Clinton slips against Republicans, Obama attacks by Stephen Collinson
Tue Nov 27, 11:56 AM ET
WASHINGTON (AFP) - A new poll Monday showed Hillary Clinton losing a general election to all potential Republican White House foes, in a new sign that fierce political attacks may be harming her 2008 campaign.
But the Democratic front-runner insisted she would win the party presidential nod, and warned she would take on her newly aggressive opponents head-on, just 38 days before Iowa's leadoff caucus nominating contests.
The Zogby International hypothetical 2008 matchup, reversing months of Clinton dominance over the Republican field, came as her camp battled in an ugly new spat with her top Democratic rival Barack Obama.
The Illinois senator meanwhile said chat show queen Oprah Winfrey would sprinkle showbiz stardust on his campaign in a three-state swing in December.
He also issued a sarcastic appraisal of Clinton's claims of top level political experience, during her eight years at husband Bill Clinton's side as first lady between 1993 and 2001.
"Senator Clinton is claiming basically the entire eight years of the Clinton presidency as her own, except for the stuff that didn't work out, in which case she says she has nothing to do with it," Obama said in an ABC News interview to be broadcast later Monday.
He compared conversations between the former president and his wife with his own talks with his own spouse.
"I don't think Michelle would claim that she is the best qualified person to be a United States senator by virtue of me talking to her on occasion about the work I've done."
The Clinton campaign hit back hard, driving home her argument that Obama would need "on the job training" in the White House.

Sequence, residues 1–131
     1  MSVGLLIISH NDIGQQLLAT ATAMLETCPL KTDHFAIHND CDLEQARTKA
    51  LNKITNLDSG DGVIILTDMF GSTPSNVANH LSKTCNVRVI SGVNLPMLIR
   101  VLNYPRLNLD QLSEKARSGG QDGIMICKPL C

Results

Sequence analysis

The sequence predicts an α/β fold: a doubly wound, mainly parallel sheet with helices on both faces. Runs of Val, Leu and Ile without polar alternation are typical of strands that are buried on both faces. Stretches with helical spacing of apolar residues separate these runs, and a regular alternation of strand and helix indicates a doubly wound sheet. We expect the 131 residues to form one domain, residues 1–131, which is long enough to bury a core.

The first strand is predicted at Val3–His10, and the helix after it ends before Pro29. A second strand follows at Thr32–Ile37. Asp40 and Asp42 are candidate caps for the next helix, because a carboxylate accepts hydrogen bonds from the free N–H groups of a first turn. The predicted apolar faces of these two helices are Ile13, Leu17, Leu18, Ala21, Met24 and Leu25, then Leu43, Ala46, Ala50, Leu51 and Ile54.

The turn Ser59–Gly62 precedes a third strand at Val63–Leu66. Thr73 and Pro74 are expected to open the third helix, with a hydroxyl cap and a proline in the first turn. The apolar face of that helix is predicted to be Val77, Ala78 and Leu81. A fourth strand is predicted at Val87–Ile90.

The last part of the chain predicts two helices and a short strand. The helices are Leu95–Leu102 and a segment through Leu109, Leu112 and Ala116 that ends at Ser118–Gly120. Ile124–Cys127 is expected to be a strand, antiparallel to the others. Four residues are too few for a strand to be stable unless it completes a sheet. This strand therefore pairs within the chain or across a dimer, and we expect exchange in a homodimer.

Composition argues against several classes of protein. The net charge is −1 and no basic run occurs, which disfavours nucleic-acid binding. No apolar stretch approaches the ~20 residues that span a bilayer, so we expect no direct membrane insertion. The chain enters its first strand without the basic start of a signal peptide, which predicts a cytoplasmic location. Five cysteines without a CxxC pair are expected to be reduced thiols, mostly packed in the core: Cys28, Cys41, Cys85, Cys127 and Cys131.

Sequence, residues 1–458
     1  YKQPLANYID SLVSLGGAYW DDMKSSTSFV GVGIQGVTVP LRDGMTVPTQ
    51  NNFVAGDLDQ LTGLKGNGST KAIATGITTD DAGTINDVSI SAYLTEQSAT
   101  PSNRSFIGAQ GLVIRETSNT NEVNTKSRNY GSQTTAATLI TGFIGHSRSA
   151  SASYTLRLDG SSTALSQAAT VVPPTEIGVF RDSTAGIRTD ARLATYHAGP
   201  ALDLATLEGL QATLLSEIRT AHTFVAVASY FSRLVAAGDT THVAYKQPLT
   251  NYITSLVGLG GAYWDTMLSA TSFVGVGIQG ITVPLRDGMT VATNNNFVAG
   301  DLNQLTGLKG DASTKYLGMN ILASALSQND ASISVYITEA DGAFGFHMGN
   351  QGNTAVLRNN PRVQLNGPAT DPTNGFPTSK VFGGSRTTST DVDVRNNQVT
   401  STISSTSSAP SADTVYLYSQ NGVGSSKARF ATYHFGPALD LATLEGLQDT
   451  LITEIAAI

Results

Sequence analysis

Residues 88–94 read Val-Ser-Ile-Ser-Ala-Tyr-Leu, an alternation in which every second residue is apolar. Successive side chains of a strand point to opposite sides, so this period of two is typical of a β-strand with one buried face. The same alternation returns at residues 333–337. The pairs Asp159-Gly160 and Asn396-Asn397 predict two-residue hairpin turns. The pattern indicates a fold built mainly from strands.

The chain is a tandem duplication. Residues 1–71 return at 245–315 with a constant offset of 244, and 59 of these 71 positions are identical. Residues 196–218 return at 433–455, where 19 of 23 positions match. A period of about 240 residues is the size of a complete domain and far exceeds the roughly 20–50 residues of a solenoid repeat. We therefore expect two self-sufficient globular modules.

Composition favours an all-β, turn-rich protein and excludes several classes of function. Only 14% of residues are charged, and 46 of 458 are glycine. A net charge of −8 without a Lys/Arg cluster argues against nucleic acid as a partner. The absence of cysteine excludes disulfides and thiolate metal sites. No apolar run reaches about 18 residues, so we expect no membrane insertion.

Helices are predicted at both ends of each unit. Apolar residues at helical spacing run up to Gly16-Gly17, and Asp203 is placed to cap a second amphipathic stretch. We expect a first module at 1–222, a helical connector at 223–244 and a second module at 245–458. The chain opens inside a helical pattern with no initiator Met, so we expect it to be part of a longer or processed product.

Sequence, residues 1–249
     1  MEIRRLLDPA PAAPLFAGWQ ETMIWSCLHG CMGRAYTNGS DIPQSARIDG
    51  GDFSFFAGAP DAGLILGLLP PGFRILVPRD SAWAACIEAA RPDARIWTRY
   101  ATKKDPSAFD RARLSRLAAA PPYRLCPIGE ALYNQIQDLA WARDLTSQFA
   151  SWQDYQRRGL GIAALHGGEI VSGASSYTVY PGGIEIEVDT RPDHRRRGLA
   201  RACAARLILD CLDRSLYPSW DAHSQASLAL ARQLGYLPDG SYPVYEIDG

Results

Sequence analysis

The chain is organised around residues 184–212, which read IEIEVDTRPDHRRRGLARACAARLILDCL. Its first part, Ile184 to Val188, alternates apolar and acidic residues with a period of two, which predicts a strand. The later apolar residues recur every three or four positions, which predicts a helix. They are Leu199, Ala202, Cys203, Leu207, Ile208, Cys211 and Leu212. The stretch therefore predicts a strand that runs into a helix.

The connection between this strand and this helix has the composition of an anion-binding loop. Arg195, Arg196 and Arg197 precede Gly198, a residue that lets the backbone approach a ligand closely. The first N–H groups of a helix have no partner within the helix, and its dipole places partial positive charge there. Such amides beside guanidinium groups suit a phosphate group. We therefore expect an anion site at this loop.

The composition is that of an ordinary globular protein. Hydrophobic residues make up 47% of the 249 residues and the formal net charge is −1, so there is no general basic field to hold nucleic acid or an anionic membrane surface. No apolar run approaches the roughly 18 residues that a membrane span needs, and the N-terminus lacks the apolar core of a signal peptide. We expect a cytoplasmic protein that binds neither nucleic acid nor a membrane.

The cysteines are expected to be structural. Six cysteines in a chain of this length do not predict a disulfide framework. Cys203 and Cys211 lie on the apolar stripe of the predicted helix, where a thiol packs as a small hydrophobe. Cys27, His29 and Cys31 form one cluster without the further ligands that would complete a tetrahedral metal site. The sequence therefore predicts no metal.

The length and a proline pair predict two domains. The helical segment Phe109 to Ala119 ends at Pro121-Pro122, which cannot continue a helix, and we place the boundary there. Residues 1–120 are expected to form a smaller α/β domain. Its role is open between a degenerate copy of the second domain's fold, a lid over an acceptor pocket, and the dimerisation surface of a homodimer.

"Considering that Senator Obama was a state senator just three years ago, he is the last person to be questioning anyone's experience," said Clinton spokesman Phil Singer.
"If he is elected, he would have less experience than any American president of the 20th century."
The Zogby poll reopened a simmering debate in the Democratic presidential field over which candidate has the best chance to beat a
Republican in the general election showdown in November 2008.
In hypothetical 2008 matchups, it showed Clinton trailed Senator John McCain 42 percent to 38 percent, ex-mayor of New York Rudolph Giuliani by 43 percent to 40 percent and former Massachusetts governor Mitt Romney 43 to 40 percent.
She also lagged behind former Arkansas Republican governor Mike Huckabee by 44 to 39 percent, and former Senator Fred Thompson by 44 to 40 percent.
Clinton's top Democratic challengers Obama and John Edwards however would still beat their hypothetical Republican rivals in potential 2008 contests, the poll showed.
In July, Clinton held a five point lead in the same poll over Giuliani, edged out McCain by two points and had a clear lead over other contenders.
A Rasmussen poll last week had Clinton also falling behind Giuliani in a November 2008 matchup and narrowly beaten by McCain.
An average of all previous similar polls however gives Clinton a narrow lead over possible Republican candidates, and the former first lady still leads most state and national polls.
An ABC News/Washington Post poll last week in Iowa however gave Obama the slimmest of leads over her and former vice presidential nominee John Edwards.
Clinton has repeatedly portrayed herself as the most electable Democrat after years standing up to what she calls the "Republican attack machine."
"I have absorbed a lot of attacks, my opponents have basically had a free reign," she told CBS News in an interview on Monday.
"After (being) attacked as often as I have from several of my opponents, you can't just absorb it, you have to respond."
Clinton also dismissed the idea that one of her rivals could deprive her of the Democratic nomination. "It will be me," she said.
The Zogby poll was conducted online among 9,150 likely voters across the United States between November 21 and 26, and carried a margin of error of plus or minus one percentage point.